You are in the cognitive laboratory to participate in an experiment. A tight cluster of 300 lines at various orientations is projected onto the screen in front of you. Are they predominantly tilted to the left or to the right? The experimenter has instructed you to respond as quickly as possible by pressing one of two keys; “z” for “left” and “/” for “right.” The figure below shows a typical stimulus:

There are many such trials and in addition to being speedy, you are also asked to be as accurate as possible. Because the orientations of individual lines within each stimulus cluster are drawn from a distribution with considerable variance, the task is quite difficult. This procedure is representative of a “choice reaction time” task, which is one of the staple tasks of researchers in decision making.

Although the task appears simple, the data from such experiments are strikingly rich and can provide a broad window into human cognition. After all, there are not only two classes of responses (correct and incorrect), but each response class is also characterized by an entire distribution of response times across the numerous trials of each type.

A complete account of human performance in this quintessential decision making task would thus describe response accuracy and latency, and the relationship between the two, as a function of various experimental manipulations.

We now have access to a wide range of sophisticated computational models that can describe performance in such tasks. Common to nearly all of them is the assumption that when a stimulus is presented, not all information is available to the decision maker instantaneously. Instead, people gradually build up the evidence required to make a decision, which is why those models are called “sequential-sampling” models.

For illustration, let’s assume that people sample evidence in discrete time steps, where each sample represents a number that follows a specific distribution. Let’s furthermore assume that people sum this sampled evidence across time steps to reach a decision. On the assumption that evidence for one decision (e.g., lines slant left) has a positive sign whereas evidence for the other decision (lines slant right) has a negative sign, we can graphically display the decision process as a “drift” towards the top or the bottom of a two-dimensional space with time on the X axis and evidence on the Y axis. The figure below shows a few hypothetical evidence-accumulation trials from a speeded-choice experiment for a sequential-sampling model.

To complete our understanding of the model, consider the horizontal dashed lines at the top and bottom: they represent response criteria for the two responses (“left” on top and “right” on the bottom), and whenever the accumulated evidence crosses one or the other criterion, a response is made with a latency corresponding to the point along the X axis at which the boundary is crossed.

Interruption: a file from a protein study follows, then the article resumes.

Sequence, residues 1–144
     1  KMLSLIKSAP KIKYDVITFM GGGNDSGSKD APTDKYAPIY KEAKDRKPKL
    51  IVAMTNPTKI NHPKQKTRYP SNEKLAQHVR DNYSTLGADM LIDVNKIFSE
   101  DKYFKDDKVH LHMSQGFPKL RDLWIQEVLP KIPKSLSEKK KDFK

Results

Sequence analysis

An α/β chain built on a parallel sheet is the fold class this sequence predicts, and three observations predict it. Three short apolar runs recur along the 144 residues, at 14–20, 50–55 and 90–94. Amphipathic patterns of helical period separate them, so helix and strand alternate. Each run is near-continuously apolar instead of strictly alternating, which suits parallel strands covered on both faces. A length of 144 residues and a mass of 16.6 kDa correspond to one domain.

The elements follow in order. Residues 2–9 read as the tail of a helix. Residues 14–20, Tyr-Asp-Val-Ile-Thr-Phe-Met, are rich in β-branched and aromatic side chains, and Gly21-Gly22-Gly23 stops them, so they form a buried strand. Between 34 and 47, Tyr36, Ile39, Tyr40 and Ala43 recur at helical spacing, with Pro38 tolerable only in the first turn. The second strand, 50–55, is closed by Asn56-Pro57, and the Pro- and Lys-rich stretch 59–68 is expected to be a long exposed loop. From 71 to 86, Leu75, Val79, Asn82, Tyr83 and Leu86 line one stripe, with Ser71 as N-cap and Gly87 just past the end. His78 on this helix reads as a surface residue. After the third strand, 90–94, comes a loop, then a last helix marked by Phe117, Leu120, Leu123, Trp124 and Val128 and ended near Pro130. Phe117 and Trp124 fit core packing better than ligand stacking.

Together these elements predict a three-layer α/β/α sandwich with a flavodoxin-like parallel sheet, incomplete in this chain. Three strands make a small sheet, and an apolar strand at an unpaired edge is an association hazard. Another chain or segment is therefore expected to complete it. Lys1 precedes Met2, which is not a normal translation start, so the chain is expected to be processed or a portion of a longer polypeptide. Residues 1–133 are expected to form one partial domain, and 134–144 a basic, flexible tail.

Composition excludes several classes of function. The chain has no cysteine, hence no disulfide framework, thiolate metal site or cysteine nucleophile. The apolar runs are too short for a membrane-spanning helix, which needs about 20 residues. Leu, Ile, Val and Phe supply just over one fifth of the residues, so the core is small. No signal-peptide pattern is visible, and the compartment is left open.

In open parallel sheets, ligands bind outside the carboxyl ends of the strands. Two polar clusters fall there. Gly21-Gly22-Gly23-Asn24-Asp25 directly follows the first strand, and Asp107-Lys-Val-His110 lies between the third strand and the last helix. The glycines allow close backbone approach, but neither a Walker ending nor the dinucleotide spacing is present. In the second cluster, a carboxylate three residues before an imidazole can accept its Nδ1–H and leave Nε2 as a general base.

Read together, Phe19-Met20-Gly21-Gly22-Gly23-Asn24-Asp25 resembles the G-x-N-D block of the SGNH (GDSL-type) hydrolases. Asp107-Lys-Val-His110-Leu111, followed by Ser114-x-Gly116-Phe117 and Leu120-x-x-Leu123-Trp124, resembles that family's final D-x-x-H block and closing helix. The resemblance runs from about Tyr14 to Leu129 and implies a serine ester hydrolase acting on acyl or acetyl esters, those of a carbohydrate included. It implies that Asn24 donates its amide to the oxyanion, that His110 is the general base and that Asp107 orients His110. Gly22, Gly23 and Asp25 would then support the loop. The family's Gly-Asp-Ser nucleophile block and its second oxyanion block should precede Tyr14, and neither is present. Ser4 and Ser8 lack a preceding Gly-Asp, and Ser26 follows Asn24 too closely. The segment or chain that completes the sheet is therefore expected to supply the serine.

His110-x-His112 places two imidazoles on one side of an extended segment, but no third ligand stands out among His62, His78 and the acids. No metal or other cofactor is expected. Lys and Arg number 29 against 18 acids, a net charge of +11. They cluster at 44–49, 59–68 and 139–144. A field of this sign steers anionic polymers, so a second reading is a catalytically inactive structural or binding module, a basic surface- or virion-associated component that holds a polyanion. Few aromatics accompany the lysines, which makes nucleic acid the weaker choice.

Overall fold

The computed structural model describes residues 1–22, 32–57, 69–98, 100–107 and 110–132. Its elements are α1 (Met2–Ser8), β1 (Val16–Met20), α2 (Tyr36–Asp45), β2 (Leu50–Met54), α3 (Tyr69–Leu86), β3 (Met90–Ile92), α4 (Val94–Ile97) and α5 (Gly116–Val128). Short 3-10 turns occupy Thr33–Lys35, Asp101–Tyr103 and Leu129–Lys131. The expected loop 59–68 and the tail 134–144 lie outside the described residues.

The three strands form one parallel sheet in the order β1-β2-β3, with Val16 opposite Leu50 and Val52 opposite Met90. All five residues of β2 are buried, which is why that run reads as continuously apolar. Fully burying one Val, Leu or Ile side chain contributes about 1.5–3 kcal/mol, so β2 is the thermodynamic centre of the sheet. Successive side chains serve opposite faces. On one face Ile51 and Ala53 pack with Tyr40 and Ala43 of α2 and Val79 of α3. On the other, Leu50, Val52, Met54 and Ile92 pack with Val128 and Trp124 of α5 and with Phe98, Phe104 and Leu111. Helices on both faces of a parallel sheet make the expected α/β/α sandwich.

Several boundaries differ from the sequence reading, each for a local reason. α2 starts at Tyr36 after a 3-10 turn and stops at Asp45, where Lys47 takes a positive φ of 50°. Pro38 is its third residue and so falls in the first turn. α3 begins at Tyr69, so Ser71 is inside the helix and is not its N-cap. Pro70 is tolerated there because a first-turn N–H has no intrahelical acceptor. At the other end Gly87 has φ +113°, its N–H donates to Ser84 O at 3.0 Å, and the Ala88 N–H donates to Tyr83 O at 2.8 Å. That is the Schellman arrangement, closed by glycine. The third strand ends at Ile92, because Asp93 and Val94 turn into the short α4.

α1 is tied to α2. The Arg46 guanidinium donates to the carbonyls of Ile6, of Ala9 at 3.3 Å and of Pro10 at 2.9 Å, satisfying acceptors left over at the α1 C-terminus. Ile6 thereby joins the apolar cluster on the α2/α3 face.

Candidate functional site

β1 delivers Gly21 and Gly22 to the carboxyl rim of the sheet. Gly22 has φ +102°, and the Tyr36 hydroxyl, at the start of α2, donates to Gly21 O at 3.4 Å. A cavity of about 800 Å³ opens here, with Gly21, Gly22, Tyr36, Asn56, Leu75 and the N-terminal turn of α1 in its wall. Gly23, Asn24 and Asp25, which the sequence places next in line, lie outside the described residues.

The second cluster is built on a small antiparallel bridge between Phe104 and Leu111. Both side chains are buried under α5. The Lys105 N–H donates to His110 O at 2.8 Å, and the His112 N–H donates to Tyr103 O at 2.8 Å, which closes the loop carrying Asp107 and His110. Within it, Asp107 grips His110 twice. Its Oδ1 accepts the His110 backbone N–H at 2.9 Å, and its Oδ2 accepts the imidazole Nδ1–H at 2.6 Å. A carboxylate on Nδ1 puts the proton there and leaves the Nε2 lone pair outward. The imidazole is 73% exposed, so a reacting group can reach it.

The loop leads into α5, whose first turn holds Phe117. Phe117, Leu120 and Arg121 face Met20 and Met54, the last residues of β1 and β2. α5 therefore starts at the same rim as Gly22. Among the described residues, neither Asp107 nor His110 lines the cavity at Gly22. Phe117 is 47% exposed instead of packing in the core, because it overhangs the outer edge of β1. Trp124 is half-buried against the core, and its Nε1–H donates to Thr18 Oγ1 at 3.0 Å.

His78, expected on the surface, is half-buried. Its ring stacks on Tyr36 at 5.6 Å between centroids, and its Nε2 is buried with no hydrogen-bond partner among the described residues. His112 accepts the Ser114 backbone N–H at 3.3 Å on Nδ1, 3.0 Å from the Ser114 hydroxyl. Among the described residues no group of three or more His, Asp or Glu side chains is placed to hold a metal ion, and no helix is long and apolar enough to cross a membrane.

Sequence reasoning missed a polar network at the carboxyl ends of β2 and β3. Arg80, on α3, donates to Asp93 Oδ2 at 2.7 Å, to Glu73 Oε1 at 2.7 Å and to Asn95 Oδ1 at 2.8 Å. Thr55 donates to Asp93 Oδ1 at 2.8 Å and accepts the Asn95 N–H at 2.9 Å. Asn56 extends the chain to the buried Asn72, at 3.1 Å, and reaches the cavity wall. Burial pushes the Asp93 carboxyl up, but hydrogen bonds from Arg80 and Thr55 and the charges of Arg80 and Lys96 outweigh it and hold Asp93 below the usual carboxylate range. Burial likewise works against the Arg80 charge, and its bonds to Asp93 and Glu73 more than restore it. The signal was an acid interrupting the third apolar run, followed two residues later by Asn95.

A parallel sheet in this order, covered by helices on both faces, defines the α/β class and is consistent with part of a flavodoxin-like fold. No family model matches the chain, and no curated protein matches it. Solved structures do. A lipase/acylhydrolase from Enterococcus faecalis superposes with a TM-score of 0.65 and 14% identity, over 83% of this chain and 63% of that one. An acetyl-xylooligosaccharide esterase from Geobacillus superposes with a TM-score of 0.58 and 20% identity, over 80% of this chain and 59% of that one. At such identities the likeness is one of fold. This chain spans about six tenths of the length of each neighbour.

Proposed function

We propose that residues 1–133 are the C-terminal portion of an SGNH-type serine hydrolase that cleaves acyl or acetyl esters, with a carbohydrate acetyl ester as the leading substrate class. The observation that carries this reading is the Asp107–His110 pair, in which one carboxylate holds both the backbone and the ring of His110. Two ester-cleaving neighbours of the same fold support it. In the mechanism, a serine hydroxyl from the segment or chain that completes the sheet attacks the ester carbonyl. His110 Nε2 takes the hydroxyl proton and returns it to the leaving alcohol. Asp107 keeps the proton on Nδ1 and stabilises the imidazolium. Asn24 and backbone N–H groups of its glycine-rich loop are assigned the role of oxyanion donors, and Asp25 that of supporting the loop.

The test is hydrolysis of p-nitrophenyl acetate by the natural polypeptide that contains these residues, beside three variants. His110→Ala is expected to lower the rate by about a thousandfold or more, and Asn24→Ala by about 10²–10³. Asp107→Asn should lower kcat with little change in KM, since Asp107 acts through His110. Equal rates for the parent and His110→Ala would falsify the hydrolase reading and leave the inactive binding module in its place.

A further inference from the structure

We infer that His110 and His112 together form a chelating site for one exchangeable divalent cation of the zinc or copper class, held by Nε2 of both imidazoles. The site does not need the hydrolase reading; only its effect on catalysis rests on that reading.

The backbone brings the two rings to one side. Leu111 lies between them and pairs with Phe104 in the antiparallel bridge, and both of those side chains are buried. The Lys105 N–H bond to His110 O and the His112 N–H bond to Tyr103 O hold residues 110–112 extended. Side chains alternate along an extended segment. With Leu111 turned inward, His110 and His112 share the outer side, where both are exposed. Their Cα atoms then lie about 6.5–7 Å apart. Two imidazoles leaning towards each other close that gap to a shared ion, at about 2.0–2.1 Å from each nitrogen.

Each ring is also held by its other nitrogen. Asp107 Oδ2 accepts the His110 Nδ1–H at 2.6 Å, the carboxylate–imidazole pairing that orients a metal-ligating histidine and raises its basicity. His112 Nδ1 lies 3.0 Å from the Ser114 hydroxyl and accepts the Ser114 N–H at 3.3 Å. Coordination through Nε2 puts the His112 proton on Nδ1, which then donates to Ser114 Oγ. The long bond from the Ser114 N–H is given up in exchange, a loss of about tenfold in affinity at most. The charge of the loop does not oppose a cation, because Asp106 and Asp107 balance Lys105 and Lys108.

The figure above represents a situation in which the stimulus conveys information that supports a “left” decision; hence, 4 of the 5 trials converge onto the (correct) top boundary. However, the model (like people) can produce occasional errors, as shown by the purple line that crosses the bottom boundary. This can happen because each sample of evidence is inherently noisy, and sometimes the noise can get amplified across samples and an error occurs.

Sequential-sampling models have numerous attractive features. One often-cited strength is the models’ ability to handle a speed-accuracy tradeoff—that is, the robust observation that if people are instructed to respond as quickly as possible, their accuracy suffers compared to a condition in which the emphasis is on accuracy and speed does not matter. In the figure above, instructions to favor speed over accuracy would be modeled by moving the response criteria towards the origin. To illustrate, suppose people placed the criteria at +/-1: Under those circumstances one additional response (the “red” trial) would end up being in error, but responding overall would be speeded considerably (at a rough guess, by 70% or more, but you can work that out yourself from the figure).

The ability to handle tradeoffs between speed and accuracy feeds into the second strength of the model, which is the estimation of parameters that permit comparison of performance between individuals or conditions that is not affected by speed-accuracy tradeoffs. Suppose you measure performance in the above task for two people, John and Jane. John gets 80% of all trials correct and takes 800 ms on average, whereas Jane gets 90% correct but takes 900 ms on average. Who is the better performer?

This question is difficult to answer by conventional statistical means—however, it can be resolved by fitting a sequential-sampling model to the data and estimate the “drift rate” and the various boundary parameters for each subject. The drift rate describes the statistical properties of the sampling process—the greater (more positive) the drift rate, the faster responses will converge on the upper boundary—and it is considered to reflect all factors that affect the speed of evidence extraction. This includes features of the stimulus, such as the number of lines in the above stimulus that slant to the left, as well as people’s abilities to process stimuli. For example, drift rate has been found to be associated with individual-differences variables such as working memory and IQ.